Adult: As conventional tab or soft gel cap: 100 mg bid, in the morning and the evening. As sustained-release tab: 200 mg once daily. Elderly: As conventional tab or soft gel cap: Use the lowest effective dose for the shortest possible duration.
Mild to moderate: As conventional tab or soft gel cap: Use the lowest effective dose for the shortest possible duration. Severe: Contraindicated.
Mild to moderate: As conventional tab or soft gel cap: Initially, 100 mg daily. Severe: Contraindicated.
Should be taken with food. Take w/ or immediately after meals.
Hypersensitivity to aceclofenac, aspirin, ibuprofen or other NSAIDs. Active or history of peptic ulcer/haemorrhage, active bleeding or bleeding disorders, history of gastrointestinal bleeding or perforation related to previous NSAID therapy; CHF (NYHA class II-IV), ischaemic heart disease, peripheral arterial disease, cerebrovascular disease, severe heart failure, varicella infection. Severe hepatic and renal impairment. Pregnancy (3rd trimester).
Patient with history of bronchial asthma, history of gastrointestinal disease (e.g. ulcerative colitis, Crohn's disease); fluid retention, hypertension, mild to moderate CHF or CHF NYHA class I, history of MI, stroke, or cerebrovascular bleeding; coagulation disorders, anaemia, SLE, hepatic porphyria. Patient undergoing or after CABG. Mild to moderate hepatic and renal impairment. Elderly. Pregnancy (1st-2nd trimester) and lactation.
Significant: CV thrombotic events, including MI and stroke; fluid retention and oedema, new-onset or exacerbation of hypertension, haematologic effects (e.g. decreased platelet adhesion and aggregation, prolonged bleeding time), hyperkalaemia, increased transaminases, renal effects (e.g. deteriorated renal function, precipitated renal failure), drowsiness, dizziness, blurred vision, photosensitivity; hypersensitivity reactions, including anaphylactic or anaphylactoid reactions. Rarely, blood dyscrasias (e.g. aplastic anaemia, thrombocytopenia, agranulocytosis), hepatitis, aseptic meningitis (particularly in patients with SLE and mixed connective tissue disorders). Gastrointestinal disorders: Nausea, diarrhoea, dyspepsia, abdominal pain, vomiting, constipation, flatulence, gastritis, mouth ulceration. Investigations: Increased blood BUN and creatinine. Skin and subcutaneous tissue disorders: Rash, pruritus, dermatitis, urticaria. Potentially Fatal: Gastrointestinal bleeding, ulceration and perforation, severe bronchospasm. Rarely, serious skin reactions (e.g. Stevens-Johnsons syndrome, toxic epidermal necrolysis, exfoliative dermatitis).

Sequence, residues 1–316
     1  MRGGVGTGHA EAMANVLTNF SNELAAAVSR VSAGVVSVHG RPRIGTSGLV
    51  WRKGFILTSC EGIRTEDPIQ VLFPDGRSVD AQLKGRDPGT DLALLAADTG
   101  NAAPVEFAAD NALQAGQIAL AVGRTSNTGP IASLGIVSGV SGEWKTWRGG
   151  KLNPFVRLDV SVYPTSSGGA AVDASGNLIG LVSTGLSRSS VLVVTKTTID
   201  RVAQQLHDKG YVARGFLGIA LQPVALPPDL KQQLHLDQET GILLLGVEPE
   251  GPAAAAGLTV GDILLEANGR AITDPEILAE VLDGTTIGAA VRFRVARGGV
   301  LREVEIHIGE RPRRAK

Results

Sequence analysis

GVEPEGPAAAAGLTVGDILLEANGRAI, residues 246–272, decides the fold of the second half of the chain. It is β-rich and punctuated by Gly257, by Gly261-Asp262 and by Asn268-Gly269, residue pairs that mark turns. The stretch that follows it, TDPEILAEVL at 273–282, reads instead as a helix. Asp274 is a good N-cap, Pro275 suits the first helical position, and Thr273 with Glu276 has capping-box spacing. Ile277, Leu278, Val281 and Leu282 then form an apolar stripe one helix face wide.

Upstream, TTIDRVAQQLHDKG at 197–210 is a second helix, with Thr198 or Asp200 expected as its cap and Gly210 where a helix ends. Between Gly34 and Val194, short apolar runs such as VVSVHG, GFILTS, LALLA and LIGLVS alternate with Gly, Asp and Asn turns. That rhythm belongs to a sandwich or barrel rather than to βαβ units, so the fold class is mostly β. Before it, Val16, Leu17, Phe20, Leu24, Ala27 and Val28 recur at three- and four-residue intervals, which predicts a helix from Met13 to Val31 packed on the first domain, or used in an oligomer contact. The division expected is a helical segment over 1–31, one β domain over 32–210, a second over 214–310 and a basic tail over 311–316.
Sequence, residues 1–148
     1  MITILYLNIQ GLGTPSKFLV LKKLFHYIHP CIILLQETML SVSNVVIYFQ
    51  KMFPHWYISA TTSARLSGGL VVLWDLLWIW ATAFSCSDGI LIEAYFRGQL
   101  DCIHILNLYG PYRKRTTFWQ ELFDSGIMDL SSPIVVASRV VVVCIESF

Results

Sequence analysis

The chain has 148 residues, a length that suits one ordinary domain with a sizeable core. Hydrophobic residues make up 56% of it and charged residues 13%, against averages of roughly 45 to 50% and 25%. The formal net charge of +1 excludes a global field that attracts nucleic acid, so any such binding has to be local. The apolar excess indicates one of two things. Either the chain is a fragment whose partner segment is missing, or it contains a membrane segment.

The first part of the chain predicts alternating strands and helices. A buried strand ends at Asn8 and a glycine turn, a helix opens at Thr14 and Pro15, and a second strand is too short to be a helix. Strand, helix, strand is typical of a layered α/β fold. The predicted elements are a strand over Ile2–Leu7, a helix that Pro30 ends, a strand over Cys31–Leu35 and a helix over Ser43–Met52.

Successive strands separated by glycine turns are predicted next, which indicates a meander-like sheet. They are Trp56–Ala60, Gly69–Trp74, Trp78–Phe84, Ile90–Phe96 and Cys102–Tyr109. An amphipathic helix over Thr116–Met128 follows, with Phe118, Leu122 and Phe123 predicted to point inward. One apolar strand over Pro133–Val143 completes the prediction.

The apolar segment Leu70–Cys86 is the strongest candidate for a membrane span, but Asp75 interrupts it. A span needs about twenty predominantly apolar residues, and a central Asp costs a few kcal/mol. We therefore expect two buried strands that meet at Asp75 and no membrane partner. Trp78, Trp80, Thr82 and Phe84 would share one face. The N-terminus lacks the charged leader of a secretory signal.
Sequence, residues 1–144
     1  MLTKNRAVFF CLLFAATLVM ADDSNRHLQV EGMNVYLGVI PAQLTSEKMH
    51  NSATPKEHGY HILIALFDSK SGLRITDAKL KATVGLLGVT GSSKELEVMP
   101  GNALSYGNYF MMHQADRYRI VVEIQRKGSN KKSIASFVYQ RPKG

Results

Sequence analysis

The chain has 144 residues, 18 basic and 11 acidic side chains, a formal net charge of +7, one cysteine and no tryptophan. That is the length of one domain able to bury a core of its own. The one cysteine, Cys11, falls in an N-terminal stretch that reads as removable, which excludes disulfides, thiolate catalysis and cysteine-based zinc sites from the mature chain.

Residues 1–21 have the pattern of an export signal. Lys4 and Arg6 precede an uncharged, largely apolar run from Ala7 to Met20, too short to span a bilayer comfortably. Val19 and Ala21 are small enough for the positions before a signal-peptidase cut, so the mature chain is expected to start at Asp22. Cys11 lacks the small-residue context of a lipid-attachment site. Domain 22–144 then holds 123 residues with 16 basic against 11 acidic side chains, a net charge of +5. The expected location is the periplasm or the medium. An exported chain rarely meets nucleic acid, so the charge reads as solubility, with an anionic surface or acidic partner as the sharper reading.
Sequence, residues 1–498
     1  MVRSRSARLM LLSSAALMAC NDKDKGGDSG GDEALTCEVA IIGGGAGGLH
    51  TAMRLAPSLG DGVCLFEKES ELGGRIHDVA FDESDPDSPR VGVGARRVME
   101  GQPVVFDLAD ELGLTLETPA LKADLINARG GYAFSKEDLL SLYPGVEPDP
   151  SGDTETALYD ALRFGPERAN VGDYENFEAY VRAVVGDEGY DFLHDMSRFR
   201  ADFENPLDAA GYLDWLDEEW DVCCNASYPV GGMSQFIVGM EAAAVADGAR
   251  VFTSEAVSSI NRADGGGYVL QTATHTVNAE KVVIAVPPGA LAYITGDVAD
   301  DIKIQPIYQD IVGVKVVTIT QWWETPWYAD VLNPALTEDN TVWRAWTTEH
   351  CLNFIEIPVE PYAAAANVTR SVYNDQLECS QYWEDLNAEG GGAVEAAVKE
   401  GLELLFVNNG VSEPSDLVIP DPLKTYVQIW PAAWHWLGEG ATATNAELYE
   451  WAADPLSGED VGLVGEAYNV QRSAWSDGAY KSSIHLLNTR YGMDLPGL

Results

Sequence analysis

Patient Counseling Information
This drug may cause drowsiness, dizziness or blurred vision, if affected, do not drive or operate machinery.
Monitor LFTs periodically, renal function tests (urine output, serum BUN, creatinine), blood pressure, CBC, serum K, and occult blood loss. Perform ophthalmic exam as necessary (long-term use).
Symptoms: Headache, vomiting, nausea, epigastric pain, gastrointestinal irritation and bleeding, diarrhoea, disorientation, excitation, dizziness, drowsiness, tinnitus, hypotension, fainting, convulsions, respiratory depression, coma, and renal failure or liver damage for significant doses. Management: Symptomatic and supportive treatment. Give activated charcoal or perform gastric lavage within 1 hour of ingestion. Administer IV diazepam for frequent or prolonged convulsions. Closely monitor renal and hepatic function.
Increased risk of gastrointestinal ulceration and bleeding with anticoagulants (e.g. warfarin), corticosteroids, and SSRIs. Increased risk of nephrotoxicity with diuretics, ciclosporin, and tacrolimus. May inhibit the renal clearance resulting in increased plasma levels of cardiac glycosides (e.g. digoxin) and lithium. May enhance the risk of renal insufficiency with ACE inhibitors or angiotensin II receptor antagonists. May increase the plasma levels and toxicity of methotrexate. May decrease the effects of mifepristone. May enhance the risk of convulsions with quinolones. Potentially Fatal: Increased risk of gastrointestinal ulceration and bleeding with other NSAIDs, COX-2 selective inhibitors, and antiplatelets (e.g. aspirin).
Increased risk of gastrointestinal bleeding with alcohol.
May result in a false-positive aldosterone/renin ratio (ARR).
Description: Aceclofenac, a phenylacetic acid derivative, a potent inhibitor of cyclooxygenase (COX) enzyme which is involved in the production of prostaglandins, thereby causing marked anti-inflammatory and analgesic effects. Pharmacokinetics: Absorption: Rapidly and completely absorbed from the gastrointestinal tract (conventional tab). Time to peak plasma concentration: 1-3 hours (conventional tab). Distribution: Penetrates the synovial fluid. Volume of distribution: Approx 25 L (conventional tab). Plasma protein binding: >99% (conventional tab). Metabolism: Metabolised into 4'-hydroxyaceclofenac. Excretion: Via urine (approx 2/3 mainly as hydroxymetabolites). Elimination half-life: Approx 4 hours (conventional tab).